“Spring, if it lingers more than a week beyond its span, starts to hunger for summer to end the days of perpetual promise. Summer in its turn soon begins to sweat for something to quench its heat, and the mellowest of autumns will tire of gentility at last, and ache for a quick sharp frost to kill its fruitfulness. Even winter — the hardest season, the most implacable — dreams, as February creeps on, of the flame that will presently melt it away. Everything tires with time, and starts to seek some opposition, to save it from itself.”
― Clive Barker,
The seasonal changes in California are subtle but obvious, if you know where to look. Summer season is now giving way to Autumn. The fields and hills are a washed out golden brown, parched and even drier than usual, because of the drought. They’ve looked like this for weeks. The Farmer’s Markets provides the first clue that time is relentless and there’s a season for everything, turn, turn.
I greet the seasons at the farmer’s market. Embrace the seasons. Mid to late spring, I’m hyped to find the first cherries and don’t care how much I have to pay for them or for lilacs.. Also, get me to the Blenheim apricots. My kitchen will soon be like a scratch ‘n’ sniff paradise as they’re made into jam.
Summer, sweet corn and tomatoes keep us company at every dinner table. I don’t anticipate much in the autumn market, but California winters bring masses of cymbidium orchids, and Pixie tangerines.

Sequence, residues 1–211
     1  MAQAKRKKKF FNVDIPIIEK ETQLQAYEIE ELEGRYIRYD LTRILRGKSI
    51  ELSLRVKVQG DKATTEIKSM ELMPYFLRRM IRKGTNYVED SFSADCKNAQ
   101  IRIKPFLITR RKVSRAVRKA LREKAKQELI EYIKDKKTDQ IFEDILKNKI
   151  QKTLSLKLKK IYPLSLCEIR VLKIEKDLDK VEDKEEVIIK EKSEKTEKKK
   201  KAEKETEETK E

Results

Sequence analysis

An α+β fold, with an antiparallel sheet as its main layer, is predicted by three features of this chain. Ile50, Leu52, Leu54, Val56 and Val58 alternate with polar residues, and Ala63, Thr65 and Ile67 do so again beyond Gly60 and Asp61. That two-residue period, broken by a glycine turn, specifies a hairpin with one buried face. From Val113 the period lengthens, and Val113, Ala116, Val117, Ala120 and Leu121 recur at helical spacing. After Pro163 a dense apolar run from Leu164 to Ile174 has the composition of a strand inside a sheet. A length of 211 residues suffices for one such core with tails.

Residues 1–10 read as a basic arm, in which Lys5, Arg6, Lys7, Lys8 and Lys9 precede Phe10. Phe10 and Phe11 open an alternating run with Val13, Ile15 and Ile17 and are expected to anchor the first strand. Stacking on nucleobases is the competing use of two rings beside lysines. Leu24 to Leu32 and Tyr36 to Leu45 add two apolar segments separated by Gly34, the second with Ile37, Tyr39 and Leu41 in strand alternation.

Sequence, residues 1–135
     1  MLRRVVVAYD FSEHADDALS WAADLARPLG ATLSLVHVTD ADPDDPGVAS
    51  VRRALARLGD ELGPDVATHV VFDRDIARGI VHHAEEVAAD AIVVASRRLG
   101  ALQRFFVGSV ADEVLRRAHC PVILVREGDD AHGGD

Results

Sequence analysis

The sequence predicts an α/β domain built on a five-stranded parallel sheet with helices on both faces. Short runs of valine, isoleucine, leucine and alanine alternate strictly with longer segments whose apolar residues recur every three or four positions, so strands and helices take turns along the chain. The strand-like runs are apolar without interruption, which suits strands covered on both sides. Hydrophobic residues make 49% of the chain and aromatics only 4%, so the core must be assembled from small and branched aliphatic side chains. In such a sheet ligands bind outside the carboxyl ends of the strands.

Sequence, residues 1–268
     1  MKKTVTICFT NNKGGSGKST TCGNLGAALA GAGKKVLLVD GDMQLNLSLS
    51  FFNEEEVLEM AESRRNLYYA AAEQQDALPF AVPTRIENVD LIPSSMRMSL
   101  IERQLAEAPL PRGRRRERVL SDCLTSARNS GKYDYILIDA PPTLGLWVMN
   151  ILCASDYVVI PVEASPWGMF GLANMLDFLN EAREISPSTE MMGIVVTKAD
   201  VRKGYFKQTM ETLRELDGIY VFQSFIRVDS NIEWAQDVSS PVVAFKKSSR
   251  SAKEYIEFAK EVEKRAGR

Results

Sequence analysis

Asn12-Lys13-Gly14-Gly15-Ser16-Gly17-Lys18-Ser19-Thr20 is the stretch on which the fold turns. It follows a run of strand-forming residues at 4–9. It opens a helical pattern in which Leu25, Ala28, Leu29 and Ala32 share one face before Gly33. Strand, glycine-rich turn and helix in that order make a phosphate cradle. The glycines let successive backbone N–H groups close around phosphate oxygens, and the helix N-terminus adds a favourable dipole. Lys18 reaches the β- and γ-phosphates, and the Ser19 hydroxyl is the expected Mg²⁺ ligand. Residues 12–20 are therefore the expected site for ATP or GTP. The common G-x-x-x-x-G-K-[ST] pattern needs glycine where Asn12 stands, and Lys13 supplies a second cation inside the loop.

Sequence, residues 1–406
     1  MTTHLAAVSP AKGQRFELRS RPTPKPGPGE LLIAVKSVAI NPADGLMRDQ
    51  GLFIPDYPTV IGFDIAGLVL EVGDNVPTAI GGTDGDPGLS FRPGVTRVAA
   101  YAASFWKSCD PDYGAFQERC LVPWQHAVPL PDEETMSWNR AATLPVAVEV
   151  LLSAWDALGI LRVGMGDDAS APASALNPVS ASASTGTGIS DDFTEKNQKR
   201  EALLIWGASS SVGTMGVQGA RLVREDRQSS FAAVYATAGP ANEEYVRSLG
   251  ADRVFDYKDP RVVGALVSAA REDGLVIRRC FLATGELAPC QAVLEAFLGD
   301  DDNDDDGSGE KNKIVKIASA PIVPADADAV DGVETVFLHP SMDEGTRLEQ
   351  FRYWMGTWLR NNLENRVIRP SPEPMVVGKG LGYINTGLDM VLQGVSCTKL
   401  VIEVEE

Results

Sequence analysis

As I entered the weekly Saturday market in Santa Barbara a few days ago, I was first greeted by the delicate musky scent of multitudes of melons. The knowledgeable older woman farmer behind the stand helps you pick the best ones, if you doubt your selection prowess. Buy several. Indulge. You’ll be ready for more next week. Melons are in Prime Time now, but it won’t be too long before they begin to lose their flavor and have to be passed by.
For now, there are still peaches, nectarines and pluots to savor. Raspberries, blues and blackberries too. Such abundance. The fragrant ginger lilies call to me when I first sight them, “take me home.” They arrange themselves in tall vases.
Oh, the mid-summer grapes are Prime Time too. Luscious, extravagant bundles on display that would warm the heart of any self-respecting Roman at an orgy.
Strawberries are past prime time. They’re still available, but not their best and quick to go downhill. The only people buying them now are those who don’t know better.
And you would accept the seasons of your heart just as you have always accepted that seasons pass over your fields and you would watch with serenity through the winters of your grief. Kahlil Gibran